21st May 2010.
‘Methane ice’ has been hitting the headlines in the wake of the Deepwater Horizon drilling rig disaster in the Gulf of Mexico, and the complex issues relating to methane hydrate formation and occurrence have been brought to the attention of a wider public as a result of BP’s effort to contain the oil spill and limit the associated damage.
To researchers interested in methane as a greenhouse gas, methane hydrates are significant for their potential role as agents of catastrophic climate destabilisation. To the oil and gas industry, they represent both challenge and opportunity. Challenge in their capacity to clog-up gas pipelines and other equipment and to endanger drilling operations, and opportunity in that according to some estimates, up to 5 x 1015 m3 of methane (1) could currently be locked up as hydrates in permafrost regions and ocean sediments.
There is no consensus yet (May 2010) as to the events leading to the gas explosion which wrecked the Deepwater Horizon drilling rig and killed eleven men. The main companies involved, BP, Transocean and Halliburton, are refraining from speculation pending investigations. Robert Bea, a civil engineering professor at the University of California, Berkeley and an oil industry consultant, has suggested that methane hydrates in the sub-sea sediments, destabilised as a result of drilling-related operations, could have contributed to conditions which ultimately led to an explosive mixture of high pressure oil and gas surging up the well and triggering the fatal explosion on the drill floor. No-one disputes that methane hydrates are present in the formations through which the well was drilled and that they constitute a serious and recognized drilling hazard. However, given that the hydrate-containing sediments occur at 3,000-5,000 ft* below the sea floor in the region of the well, and the well was drilled much deeper, down to the target oil and gas reservoir at 18,000 ft subsea, the reservoir is the more likely (?) source for the gas which triggered the fatal explosion. The technical complexities involved in drilling a well to these depths in over 5000 ft of ocean mean that the exact sequence of events may take some time to become clear.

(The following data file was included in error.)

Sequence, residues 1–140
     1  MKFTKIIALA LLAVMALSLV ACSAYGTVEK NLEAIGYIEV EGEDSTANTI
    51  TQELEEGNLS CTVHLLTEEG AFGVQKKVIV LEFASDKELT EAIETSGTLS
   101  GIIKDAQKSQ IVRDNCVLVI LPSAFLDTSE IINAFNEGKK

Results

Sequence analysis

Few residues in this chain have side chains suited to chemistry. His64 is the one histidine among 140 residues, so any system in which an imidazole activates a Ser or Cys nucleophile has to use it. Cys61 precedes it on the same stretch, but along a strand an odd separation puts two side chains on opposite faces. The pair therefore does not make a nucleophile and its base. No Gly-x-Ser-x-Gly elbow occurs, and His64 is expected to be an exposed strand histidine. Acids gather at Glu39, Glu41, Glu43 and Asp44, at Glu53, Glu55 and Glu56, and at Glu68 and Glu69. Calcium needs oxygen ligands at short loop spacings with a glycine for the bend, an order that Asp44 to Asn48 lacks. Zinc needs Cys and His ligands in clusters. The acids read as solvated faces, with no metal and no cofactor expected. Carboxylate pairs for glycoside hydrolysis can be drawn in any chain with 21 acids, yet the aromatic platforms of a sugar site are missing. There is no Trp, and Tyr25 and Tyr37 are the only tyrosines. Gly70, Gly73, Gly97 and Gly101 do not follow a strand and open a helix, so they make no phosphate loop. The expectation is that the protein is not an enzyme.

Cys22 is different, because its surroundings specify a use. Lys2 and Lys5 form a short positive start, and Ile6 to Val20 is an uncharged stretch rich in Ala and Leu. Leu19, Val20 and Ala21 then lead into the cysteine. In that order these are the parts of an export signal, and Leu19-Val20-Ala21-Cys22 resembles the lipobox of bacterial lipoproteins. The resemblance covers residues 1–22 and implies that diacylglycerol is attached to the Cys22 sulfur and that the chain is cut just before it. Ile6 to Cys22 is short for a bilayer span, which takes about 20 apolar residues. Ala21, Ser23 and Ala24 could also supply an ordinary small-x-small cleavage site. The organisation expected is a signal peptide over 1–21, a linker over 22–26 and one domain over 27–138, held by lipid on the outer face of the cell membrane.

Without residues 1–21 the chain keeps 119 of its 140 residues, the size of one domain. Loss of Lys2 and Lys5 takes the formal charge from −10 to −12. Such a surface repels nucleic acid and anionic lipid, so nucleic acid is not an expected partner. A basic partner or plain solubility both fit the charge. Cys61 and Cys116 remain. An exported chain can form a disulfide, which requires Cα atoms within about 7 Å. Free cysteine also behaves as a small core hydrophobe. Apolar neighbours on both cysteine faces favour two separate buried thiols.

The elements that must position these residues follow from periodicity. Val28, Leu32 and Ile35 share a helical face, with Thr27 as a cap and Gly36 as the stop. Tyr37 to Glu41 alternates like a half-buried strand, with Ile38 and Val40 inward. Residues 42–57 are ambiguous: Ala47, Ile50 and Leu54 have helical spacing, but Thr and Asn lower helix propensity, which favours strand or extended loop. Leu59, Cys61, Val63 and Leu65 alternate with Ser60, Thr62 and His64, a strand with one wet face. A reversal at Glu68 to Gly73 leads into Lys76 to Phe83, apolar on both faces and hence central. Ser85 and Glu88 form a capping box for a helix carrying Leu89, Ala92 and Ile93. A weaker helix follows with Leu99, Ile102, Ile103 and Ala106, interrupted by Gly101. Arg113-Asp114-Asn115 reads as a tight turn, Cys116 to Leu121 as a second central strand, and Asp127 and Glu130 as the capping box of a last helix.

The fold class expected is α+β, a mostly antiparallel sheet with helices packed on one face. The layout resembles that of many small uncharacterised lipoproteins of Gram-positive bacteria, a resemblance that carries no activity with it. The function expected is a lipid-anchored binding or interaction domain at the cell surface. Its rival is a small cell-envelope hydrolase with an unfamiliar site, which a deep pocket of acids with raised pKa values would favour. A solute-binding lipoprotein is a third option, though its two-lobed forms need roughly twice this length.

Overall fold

The role of methane hydrates in scuppering one of BP’s plans to contain the oil leaking from the well wreckage on the sea floor, is, by contrast, unambiguous. The idea, basically, was to place a large steel container over the main leak, in order to gather up the oil and subsequently pump it into a tanker. However, gas leaking from the well combined with sea-water to form hydrates which blocked the container as it was being manœuvered into place, and prevented it from being successfully deployed due to the hydrate-induced increased buoyancy. To mitigate against further problems with hydrates, BP will be injecting methanol at appropriate points into the equipment used in further attempts to gather up the leaking oil, using the best available information on the imperfectly understood processes of hydrate formation and dissociation.
*All depths are quoted in feet in line with common US/UK oil industry practice.
(1) Milkov A. V. (2004) Global estimates of hydrate-bound gas in marine sediments: how much is really out there. Earth Sci. Rev 66:183–197, (doi:10.1016/j.earscirev.2003.11.002).
Drilling rig image source: Flickr.com cy esp